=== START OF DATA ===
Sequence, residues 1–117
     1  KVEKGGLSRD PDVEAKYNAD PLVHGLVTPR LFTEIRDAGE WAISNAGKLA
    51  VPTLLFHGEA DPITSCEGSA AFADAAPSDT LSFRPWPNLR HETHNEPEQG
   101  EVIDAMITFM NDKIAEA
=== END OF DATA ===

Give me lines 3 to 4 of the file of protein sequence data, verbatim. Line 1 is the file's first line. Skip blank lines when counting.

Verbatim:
    51  VPTLLFHGEA DPITSCEGSA AFADAAPSDT LSFRPWPNLR HETHNEPEQG
   101  EVIDAMITFM NDKIAEA